More than just a hobby

There is, however, one element of Rush Poker which I would consider to be a potential stumbling block.

Players like myself, who have something of a superiority complex at the table, value their ability to pick up on reads and patterns.

This is particularly true of players in the higher echelons of the game (myself not included, sadly), as evidence by the amount of money spent on programmes like Sharkscope which give insights into the history or playing style of opponents.

Furthermore, the recent controversy surrounding Brian Hastings and his fellow Team Cardrunners members exchanging hand histories before Hastings took on online prodigy Isildur1 demonstrates how the best players in the world like to look for ‘tells’ away from the live circuit.

Brian Hastings recently won over $4million with the help of hand histories

With the advent of Rush Poker, the ability of players to ‘do their homework’ is diminished. They will face different opponents every hand, leaving them insufficient time to pick up on their rivals habits and eccentricities at the table.

On the basis of this, it is difficult to see Rush Poker having a significant impact on the ‘nosebleed’ games, or even on mid-stakes tournaments.

One can only assume, therefore, that Full Tilt will be targeting the lower-level games, where the rake is higher and their is more money to be made. It would seem that they are confident enough of generating significant revenue to overcome the diminishing returns from multitabling.

It will be interesting to see if Rush Poker takes off. And, if it does, how will Full Tilt’s competitors respond?

15
Nov
09

Just a kid with a dream

Nothing excites young poker fans more than an unknown player emerging from nowhere to take on the big guns.

The classic example of such a player is Phil Hellmuth, who was a new name for many when he became world champion in 1989.

But the rise of internet poker has added a new dimension to the journey of the challenger – complete anonymity, save for a screen name.

The daily grind

As soon as a new name sits down at the same online table as Phil Ivey, Patrik Antonius or one of the many other high-stakes pros, speculation begins as to his or her identity.

Occasionally it will emerge that the player in question is a regular in mid-stakes cash games who has decided to ‘take a shot’ at the big time.

Of course, such a decision is a huge gamble for most players, but they could do worse than taking a leaf out of Tom Dwan’s book.

Top high-stakes pro Tom 'Durrrr' Dwan

Dwan, known online as ‘durrrr’, started out with a bankroll of $50 and played $6 tournaments to build this up to an amount which he could take to the cash tables.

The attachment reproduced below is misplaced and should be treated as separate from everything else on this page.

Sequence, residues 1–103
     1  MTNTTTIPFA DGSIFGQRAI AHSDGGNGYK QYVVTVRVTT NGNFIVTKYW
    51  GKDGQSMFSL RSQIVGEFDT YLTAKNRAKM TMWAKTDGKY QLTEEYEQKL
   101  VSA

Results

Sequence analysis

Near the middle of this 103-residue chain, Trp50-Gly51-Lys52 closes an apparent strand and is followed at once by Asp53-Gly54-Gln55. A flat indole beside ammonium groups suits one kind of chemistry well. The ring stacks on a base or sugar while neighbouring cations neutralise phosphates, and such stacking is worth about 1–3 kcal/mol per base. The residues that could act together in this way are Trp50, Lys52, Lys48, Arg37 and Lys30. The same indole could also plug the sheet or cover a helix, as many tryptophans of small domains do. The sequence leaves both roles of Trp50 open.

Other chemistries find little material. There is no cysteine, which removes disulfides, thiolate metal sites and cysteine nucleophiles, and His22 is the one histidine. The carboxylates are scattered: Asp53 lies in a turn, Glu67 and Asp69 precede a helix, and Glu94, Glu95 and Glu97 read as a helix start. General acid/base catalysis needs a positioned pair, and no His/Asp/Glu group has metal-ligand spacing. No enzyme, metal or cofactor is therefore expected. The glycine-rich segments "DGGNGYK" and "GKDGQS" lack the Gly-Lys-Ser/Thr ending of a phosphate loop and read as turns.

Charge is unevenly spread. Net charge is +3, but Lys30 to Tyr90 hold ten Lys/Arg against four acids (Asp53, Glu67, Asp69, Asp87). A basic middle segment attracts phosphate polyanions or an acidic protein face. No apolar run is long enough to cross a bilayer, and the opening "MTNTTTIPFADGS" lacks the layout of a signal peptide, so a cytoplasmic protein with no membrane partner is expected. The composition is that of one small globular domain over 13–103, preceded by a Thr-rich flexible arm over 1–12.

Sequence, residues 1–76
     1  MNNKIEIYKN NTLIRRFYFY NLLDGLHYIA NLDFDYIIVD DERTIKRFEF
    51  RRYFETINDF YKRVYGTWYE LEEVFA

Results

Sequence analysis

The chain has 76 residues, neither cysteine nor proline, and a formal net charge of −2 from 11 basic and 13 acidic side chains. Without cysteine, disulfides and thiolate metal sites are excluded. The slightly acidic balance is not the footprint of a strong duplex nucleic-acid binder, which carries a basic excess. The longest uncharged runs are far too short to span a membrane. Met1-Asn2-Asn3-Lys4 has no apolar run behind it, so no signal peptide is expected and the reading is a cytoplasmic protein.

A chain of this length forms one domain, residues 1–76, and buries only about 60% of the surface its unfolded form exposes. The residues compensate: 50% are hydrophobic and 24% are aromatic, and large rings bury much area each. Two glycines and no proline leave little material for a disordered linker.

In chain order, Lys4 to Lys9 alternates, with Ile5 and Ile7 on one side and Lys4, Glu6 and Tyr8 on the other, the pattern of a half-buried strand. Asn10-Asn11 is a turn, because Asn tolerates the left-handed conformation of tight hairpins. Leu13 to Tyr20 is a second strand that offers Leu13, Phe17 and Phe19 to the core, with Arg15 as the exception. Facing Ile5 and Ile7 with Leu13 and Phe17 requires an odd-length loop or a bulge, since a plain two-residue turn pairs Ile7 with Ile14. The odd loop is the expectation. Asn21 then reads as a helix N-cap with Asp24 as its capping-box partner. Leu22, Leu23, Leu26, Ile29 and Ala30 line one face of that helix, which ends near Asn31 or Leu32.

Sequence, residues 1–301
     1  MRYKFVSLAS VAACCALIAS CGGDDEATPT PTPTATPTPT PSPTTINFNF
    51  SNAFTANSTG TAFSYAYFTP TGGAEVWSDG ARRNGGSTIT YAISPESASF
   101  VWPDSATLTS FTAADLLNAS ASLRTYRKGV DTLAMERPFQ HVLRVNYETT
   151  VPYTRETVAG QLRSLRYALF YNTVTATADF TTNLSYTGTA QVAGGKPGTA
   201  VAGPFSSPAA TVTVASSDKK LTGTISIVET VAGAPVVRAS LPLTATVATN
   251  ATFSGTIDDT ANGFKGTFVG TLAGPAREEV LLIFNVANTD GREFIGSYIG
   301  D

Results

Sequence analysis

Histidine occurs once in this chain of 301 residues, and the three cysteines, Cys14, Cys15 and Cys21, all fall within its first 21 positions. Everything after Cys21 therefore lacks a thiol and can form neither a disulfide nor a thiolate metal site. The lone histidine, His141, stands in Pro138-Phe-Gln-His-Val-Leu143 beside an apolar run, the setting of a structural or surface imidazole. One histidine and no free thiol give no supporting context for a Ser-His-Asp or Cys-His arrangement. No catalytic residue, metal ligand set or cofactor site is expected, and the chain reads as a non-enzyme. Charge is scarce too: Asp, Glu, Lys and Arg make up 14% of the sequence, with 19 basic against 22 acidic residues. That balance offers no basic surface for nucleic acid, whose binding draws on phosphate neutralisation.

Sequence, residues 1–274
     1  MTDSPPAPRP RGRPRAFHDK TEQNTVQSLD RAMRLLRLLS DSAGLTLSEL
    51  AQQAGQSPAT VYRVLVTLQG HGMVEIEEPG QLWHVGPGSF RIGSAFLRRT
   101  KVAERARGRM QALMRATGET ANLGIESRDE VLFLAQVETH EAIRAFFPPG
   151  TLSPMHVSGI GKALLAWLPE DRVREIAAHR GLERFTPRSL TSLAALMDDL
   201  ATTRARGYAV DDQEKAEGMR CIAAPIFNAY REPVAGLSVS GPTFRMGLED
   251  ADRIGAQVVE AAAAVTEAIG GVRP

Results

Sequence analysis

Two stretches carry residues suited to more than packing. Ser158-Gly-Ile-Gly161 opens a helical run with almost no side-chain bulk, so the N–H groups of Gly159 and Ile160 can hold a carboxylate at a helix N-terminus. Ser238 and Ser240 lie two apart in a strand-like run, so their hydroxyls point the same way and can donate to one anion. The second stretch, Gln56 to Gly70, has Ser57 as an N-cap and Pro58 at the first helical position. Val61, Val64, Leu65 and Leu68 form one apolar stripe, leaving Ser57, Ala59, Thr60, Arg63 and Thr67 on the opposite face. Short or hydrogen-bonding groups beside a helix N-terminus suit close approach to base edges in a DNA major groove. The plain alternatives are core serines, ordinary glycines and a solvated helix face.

He patiently decided to grind his way up the stakes, before taking on the big names only after attaining plenty of cash-game experience.

And look at him now. At just 23 years of age, durrrr is the newest member of Team Full Tilt, entitling him to a percentage of the lucrative Full Tilt Poker company and ensuring he will probably never have to worry about money again in his life.

But how much did you lose?

Dwan claims that he has never gone broke in all his time playing poker, despite reported seven-figure downswings, but who knows if the same can be said for some of the other youngsters who flirt with celebrity and poker immortality.

Within weeks of sitting down with $250,000 at a high-stakes online cash table, even a few days’ absence from the tables can lead to an online ‘superstar’ being ‘confirmed busto’ by the often-unforgiving Two Plus Two forums.

The latest to try their luck goes by the name of ‘Isildur1’, but who knows how long he (or she) will last before being replaced by another magnet for applause and abuse.

Online poker is a fickle business.

Danger is my middle name

It seems as though the gamble doesn’t pay off for a number of young pretenders, but the few who succeed are in line for huge rewards and even greater acclaim.

One prime example is Di ‘Urindanger’ Dang, who won the biggest pot in the history of online poker when his pocket aces defeated the pocket kings of none other than durrrr.

Di Dang (right) and his brother Hac (middle) are two online pros who have proven to be no flash in the pan

And many other online whizzkids have adapted their skills to the live game, with Matt Graham and Matt Hawrilenko winning bracelets at this year’s World Series of Poker and Joe Cada taking down the Main Event title.

With all these success stories, no wonder they keep coming back.

Tom Dwan signs for Team Full Tilt: http://www.fulltiltpoker.com/tom-durrrr-dwan-signs-to-team-full-tilt

Full Tilt Poker: http://www.fulltiltpoker.com/




Hi I’m Tom. I’m a freelance journalist, and I recently completed a Postgraduate Diploma in Journalism at Cardiff University. In my spare time I like to play, watch and talk about poker. I hope you enjoy reading my blog.